Master of Death
Michael Camille, a professor of art history at the University of Chicago and author of two other volumes about medieval manuscripts, devoted more than twelve years to locating the work of Remiet. One goal of this project was to identify and analyze the many illustrations of this prolific artist. At the same time, Camille sought to use these pictures, many of which depict death, to bring the fourteenth century to life.
Remiet was not a great artist, but his very ordinariness makes him an excellent representative of his craft and his age. Nowhere is he more so than in his concern with death. Born in 1348, the year that the Black Death first reached France, he would have experienced eighteen returns of the plague by 1400. While portraying death repeatedly, Remiet rarely showed disease. His lepers are lesionless because of the belief that sickness could be transferred through sight.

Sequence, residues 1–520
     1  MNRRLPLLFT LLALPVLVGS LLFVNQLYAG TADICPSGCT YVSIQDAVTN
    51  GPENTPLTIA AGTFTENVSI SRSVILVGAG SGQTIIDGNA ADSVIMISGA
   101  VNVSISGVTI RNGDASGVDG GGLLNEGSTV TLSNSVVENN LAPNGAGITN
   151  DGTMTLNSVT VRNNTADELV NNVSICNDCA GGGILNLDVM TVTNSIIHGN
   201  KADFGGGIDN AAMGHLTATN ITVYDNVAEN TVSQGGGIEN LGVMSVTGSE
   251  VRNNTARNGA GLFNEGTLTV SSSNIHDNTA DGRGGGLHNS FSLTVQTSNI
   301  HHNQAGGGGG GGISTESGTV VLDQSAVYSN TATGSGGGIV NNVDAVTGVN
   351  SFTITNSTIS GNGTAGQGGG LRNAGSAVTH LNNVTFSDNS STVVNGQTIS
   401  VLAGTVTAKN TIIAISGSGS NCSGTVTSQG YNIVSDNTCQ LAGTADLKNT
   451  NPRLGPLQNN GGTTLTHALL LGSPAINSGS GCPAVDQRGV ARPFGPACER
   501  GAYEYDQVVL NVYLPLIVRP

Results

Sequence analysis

Like virtually all of his contemporaries, Remiet would have followed pattern books, but he added personal touches, such as his use of yellow and green washes to show the vileness of the human body. Such colors, which were unstable as well as regarded as ugly, were never used for saints’ robes, invariably painted in blues and reds, the most enduring hues in the illuminator’s palette. Camille discusses the cost of these pigments in his analysis of the economics of manuscript-making. The final products were expensive, and all of Remiet’s patrons were rich; but he himself supplemented his income by painting panels for Louis d’Orleans’ chapel.
Supplementing the text are 191 illustrations, forty-five of these in color. As in the manuscripts they depict, word and image here combine to create a detailed picture of the medieval world.
Sources for Further Study
Choice. XXXIV, October, 1996, p. 264.
Commonweal. CXXIII, October 25, 1996, p. 25.
History Today. XLVI, April, 1996, p. 52.
The Times Higher Education Supplement. July 5, 1996, p. 21.
The Village Voice. May 7, 1996, p. 6.